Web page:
GUEST CURATOR: Matthew Ringstaff
What was advertised in a colonial American newspaper 250 years ago today?
“A Quantity of Red and White Oak Hogshead STAVES.”
On April 15, 1769, Samuel Young put an advertisement put in the Providence Gazette to tell readers that he wanted “to purchase a Quantity of Red and White Oak Hogshead STAVES, for which he will make good Pay.” Staves are narrow pieces of wood used to make barrels. A hogshead is a barrel that holds 64 gallons. According to Jeremy M. Bell, “Barrels were the shipping containers of their time” in the eighteenth century. They held an abundance of items, including alcohol, corn, and tobacco. Today it is not very common to see barrels in stores, except maybe a Cracker Barrel, but in colonial times they were extremely common in shops, very noticeable objects for customers. Bell states that barrels were so frequently used that the British Parliament passed the first act to standardize hogsheads and their measurements in 1423. Starting with a tun barrel at 252 gallons, they made it so that each designation of volume would then be cut in half. A pipe barrel held 126 gallons. Therefore, a hogshead measured 64 gallons and a standard barrel at 32 gallons. Practically everyone involved in commerce in early America used hogsheads and barrels of other sizes.
ADDITIONAL COMMENTARY: Carl Robert Keyes
No advertisements for enslaved men, women, and children appeared in the April 15, 1769, edition of the Providence Gazette. None of the paid notices offered men and women for sale. None of them encouraged white colonists to engage in acts of surveillance in the service of capturing escaped slaves and returning them to those who held them in bondage, nor did any describe suspected runaways that had been imprisoned. Yet black bodies were not absent from the pages of the Providence Gazette or the commercial landscape in the city.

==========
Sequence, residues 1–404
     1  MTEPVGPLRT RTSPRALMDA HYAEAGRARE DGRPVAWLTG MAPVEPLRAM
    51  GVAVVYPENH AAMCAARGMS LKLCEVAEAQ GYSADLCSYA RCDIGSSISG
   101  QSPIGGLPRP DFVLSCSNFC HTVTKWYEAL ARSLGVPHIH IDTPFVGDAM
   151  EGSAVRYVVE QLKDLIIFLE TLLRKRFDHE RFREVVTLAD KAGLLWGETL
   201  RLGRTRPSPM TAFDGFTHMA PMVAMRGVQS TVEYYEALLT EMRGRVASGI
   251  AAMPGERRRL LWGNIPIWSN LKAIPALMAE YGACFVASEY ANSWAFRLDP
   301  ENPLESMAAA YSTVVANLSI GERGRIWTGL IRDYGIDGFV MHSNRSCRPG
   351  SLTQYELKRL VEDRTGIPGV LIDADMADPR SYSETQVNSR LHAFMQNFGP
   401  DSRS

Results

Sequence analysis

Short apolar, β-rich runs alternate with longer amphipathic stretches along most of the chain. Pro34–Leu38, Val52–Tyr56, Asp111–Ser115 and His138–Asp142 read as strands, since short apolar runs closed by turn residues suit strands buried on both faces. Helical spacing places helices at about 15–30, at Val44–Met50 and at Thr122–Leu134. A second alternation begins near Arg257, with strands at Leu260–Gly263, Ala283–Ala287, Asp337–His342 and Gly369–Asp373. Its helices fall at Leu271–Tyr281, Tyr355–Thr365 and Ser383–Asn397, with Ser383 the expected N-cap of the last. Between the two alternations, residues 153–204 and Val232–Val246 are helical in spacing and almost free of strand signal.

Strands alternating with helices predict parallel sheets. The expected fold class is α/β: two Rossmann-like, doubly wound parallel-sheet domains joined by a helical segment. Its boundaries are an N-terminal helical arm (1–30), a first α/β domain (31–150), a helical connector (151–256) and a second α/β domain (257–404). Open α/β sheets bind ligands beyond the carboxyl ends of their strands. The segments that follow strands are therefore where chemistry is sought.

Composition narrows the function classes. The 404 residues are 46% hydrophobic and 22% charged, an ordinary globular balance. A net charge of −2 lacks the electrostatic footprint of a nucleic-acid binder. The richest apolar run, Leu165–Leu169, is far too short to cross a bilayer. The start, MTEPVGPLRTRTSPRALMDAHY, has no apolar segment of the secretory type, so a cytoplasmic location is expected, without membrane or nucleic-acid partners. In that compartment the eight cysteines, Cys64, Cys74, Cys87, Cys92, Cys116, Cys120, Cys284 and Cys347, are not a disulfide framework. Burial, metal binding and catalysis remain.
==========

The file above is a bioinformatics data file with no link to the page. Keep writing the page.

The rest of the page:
Before he announced that he sold an “Assortment of European, East and West-India GOODS” and sought “Hogshead STAVES,” Samuel Young proclaimed that he operated a store at “the Sign of the Black Boy.” Enslaved men and women had labored to produce many of the goods Young sold. Enslaved men and women would eventually handle the barrels made from the staves Young acquired. They were integrated into the networks of production, exchange, and consumption in the early modern Atlantic world. That was a fact that would have been difficult for residents of Providence to overlook, but Young’s choice of shop sign provided a stark visual reminder that black bodies had been appropriated and exploited for a variety of purposes. Enslaved men and women contributed their labor, their skills, and their expertise in the production of commodities. The image of a “Black Boy” then served as a marketing logo and a landmark that aided colonists in finding many of those commodities as they navigated the streets of Providence.
Elsewhere in the April 15 issue, the Providence Gazette disseminated news about the imperial crisis brewing as a result of the Townshend Acts and other abuses by Parliament. Some correspondents wrote about “AMERICAN Liberty,” while others defended the prerogatives of George III and Parliament. Calls for “AMERICAN Liberty,” however, extended only so far, only to white colonists. Most colonists who reduced enslaved men, women, and children to a stylized image on “the Sign of the Black Boy” did not contemplate how to evenly apply their rhetoric to all of the residents of Rhode Island and the other colonies.